GENEALOGY-DNA-L ArchivesArchiver > GENEALOGY-DNA > 2007-09 > 1188646358
From: "Lawrence Mayka" <>
Subject: Re: [DNA] Abstract: Ancient DNA as a Means to InvestigatetheEuropean Neolithic
Date: Sat, 1 Sep 2007 06:32:38 -0500
First, the author does not dispute, but rather cites, the now
well-established fact that northern European lactase persistence is a very
recent allele, descended from a single individual who lived between 5000 and
10,000 years ago. The author of this paper does not mention that
individual's geographical location, but another recent paper mentioned on
this list provides evidence of an origin in the Caucasus.
Second, the author clearly mentions "five of the hunter-gatherer samples
sharing a haplotype not found among any published modern populations." No
similar extinction is reported for the farmers of 5000 years ago. On the
contrary, "The farming samples did not differ from modern Swedes whereas the
hunter-gatherers did." The most parsimonious interpretation of these facts
is that the farmers were of a stock ("tribe") different from that of the
hunter-gatherers; and that the hunter-gatherers underwent a depopulation
almost amounting to extinction, whereas the farmers spawned the bulk of the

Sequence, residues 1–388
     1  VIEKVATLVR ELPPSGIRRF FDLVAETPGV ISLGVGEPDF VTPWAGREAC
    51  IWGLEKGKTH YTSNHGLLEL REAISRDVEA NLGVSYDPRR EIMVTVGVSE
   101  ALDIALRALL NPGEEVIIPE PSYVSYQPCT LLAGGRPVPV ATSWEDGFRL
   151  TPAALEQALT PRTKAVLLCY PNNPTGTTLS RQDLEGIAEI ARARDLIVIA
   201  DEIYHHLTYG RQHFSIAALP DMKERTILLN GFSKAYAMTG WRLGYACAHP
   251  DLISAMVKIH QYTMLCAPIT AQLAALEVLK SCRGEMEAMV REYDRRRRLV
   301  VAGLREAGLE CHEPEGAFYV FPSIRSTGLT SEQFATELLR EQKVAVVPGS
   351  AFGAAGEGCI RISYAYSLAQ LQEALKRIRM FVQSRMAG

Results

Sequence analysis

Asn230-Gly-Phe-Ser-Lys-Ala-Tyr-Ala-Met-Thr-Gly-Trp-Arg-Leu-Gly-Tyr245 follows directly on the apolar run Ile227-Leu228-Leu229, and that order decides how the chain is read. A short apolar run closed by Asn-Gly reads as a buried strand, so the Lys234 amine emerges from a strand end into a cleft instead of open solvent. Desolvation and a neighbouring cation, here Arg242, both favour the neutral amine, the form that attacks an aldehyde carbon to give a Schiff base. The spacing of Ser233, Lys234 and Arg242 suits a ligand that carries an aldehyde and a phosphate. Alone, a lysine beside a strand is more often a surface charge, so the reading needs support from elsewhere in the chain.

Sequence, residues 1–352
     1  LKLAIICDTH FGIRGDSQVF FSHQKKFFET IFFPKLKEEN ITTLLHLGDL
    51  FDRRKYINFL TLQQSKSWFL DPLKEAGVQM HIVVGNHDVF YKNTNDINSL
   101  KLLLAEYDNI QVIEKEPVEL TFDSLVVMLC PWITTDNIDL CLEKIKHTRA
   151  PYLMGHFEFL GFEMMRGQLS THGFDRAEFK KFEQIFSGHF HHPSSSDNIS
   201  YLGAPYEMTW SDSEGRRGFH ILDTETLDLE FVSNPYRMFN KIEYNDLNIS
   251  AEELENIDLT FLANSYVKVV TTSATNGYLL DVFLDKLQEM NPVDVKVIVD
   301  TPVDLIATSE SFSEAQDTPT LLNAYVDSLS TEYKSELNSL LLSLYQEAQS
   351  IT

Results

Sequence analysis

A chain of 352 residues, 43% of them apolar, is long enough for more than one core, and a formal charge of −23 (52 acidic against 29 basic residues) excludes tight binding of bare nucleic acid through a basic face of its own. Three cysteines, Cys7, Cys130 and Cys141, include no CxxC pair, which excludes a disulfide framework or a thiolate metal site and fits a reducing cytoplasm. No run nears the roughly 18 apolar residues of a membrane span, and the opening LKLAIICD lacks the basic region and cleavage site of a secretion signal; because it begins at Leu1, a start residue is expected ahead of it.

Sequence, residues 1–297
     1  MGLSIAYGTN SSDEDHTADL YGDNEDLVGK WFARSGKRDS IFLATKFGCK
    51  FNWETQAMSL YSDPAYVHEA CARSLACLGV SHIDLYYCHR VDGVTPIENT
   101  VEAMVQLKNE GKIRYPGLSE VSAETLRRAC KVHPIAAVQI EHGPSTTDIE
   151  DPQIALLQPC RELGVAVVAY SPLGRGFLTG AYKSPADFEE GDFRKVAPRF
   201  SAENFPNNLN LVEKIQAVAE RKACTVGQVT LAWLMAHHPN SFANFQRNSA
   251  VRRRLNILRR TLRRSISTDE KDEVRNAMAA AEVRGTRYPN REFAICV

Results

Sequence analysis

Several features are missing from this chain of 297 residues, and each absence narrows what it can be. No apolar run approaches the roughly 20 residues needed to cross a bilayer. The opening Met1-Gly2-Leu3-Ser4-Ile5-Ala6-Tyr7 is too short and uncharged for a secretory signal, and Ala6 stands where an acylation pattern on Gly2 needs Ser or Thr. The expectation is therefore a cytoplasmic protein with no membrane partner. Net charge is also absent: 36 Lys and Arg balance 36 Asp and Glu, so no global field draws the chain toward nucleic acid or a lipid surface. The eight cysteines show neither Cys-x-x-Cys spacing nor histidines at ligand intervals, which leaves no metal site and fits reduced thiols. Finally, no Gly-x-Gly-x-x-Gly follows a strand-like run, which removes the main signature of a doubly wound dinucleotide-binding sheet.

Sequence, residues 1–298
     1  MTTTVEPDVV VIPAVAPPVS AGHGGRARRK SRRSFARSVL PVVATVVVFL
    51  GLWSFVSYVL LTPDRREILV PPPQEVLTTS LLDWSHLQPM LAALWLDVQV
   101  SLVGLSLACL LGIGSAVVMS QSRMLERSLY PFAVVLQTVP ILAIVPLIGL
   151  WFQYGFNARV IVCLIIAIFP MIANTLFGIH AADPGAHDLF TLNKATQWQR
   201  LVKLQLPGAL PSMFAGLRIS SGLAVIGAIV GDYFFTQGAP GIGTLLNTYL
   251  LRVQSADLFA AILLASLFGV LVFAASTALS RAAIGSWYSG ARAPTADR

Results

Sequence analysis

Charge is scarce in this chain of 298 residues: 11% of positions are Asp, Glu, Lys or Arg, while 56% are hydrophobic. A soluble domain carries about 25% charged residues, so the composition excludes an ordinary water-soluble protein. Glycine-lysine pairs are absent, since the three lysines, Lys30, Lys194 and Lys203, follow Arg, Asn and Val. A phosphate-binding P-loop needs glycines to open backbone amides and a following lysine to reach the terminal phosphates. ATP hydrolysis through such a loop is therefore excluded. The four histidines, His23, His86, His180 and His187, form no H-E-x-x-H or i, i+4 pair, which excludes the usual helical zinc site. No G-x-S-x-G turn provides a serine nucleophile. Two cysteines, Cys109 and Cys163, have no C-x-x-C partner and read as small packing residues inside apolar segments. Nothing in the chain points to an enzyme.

modern Swedish population.
Third, the fact that 50% of Swedish farmers of 5000 years ago had the
lactase persistence allele, even though it was not found in Central European
samples only a couple thousand years older, illustrates its rapid sweep
across Europe--or alternatively, its northern European origin, if one
rejects the evidence of an origin in the Caucasus.
> [mailto:] On Behalf Of Alan R
> Very interesting. It kind of backs up my own feeling
> that lactose persistence must have been widespread in
> low frequencies prior to farming and that the arrival
> of farming with dairying present from the beginning
> (that is the latest finding) gave a major selective
> advantage to those hunters-gatherers with the lactose
> persistence and thus their descendants proliferated.
> This would have been a localised process repeated in
> every locality through Europe and beyond and does not
> in itself demand any external demic input (as is
> sometimes erroneously portrayed).
|Re: [DNA] Abstract: Ancient DNA as a Means to InvestigatetheEuropean Neolithic by "Lawrence Mayka" <>|